Big publishers, like the ones suing the IA, are the ones using rent-seeking intimidation tactics to squeeze the little guy. And they’re not doing it for small authors such as yourself (and I wish you the best of luck in your professional endeavors, by the way); they’re doing it for their fat cat stockholding investors.

    6. Nemo

      That’s a big “if”. Is there any evidence to suggest that such a thing might be happening?

      1. Jim senato

        nemo did you even read the article before this they want all digital copies (650 million ) destroyed amazon and apple and someone else I forget at the moment had a big fight a few years ago over the total control of the selling of digital books.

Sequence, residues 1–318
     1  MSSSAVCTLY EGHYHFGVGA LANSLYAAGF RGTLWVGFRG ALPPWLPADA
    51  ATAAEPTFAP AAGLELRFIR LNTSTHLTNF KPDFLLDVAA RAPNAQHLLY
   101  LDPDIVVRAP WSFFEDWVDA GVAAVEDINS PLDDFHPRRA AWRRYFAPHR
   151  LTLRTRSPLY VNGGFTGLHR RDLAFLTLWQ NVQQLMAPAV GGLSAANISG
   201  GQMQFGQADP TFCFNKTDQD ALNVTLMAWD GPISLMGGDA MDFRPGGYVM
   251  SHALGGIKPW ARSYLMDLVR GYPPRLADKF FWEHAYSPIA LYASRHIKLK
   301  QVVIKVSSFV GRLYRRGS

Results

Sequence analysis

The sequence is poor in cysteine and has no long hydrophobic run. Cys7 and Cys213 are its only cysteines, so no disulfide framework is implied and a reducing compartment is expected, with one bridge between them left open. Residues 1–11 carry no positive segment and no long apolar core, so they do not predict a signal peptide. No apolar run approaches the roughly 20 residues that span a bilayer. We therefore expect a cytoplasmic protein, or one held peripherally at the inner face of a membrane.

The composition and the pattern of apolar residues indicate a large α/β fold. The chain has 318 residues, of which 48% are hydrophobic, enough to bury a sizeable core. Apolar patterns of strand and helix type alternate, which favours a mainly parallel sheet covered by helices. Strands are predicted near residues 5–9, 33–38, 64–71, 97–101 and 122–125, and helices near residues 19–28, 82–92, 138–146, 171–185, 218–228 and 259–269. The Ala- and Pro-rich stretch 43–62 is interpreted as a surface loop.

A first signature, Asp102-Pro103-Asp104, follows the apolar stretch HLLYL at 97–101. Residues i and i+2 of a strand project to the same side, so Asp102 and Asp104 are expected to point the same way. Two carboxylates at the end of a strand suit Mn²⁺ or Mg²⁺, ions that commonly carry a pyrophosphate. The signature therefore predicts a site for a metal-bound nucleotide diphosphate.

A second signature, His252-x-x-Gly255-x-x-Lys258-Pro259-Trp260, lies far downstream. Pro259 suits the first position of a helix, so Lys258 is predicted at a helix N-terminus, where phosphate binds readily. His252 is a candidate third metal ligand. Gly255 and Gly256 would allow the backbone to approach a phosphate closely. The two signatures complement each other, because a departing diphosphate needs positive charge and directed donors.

2. Steve

        The fact that publishers are taking action suggests it’s not books that are hundreds of years old and out of copyright. Any attempt to do that would be so ridiculous it would be futile. It would be laughed out of court.

        Writing is a skill. All writers deserve to be paid for their work. Most writers struggle financially at the best of times. The people who can make a living from writing alone are few and far between.

        I don’t know about how it works in other countries but, in the UK, writers receive an annual royalty payment via the Authors Licencing and Collecting Society (ALCS). The money is collected from all the libraries in the UK and is based on how many times their work has been borrowed/photocopied during the year. It’s a compensation writers deserve. Would you expect a paint manufacturer to let people raid its warehouse and steal cans of paint because they were staying home and beautifying their homes?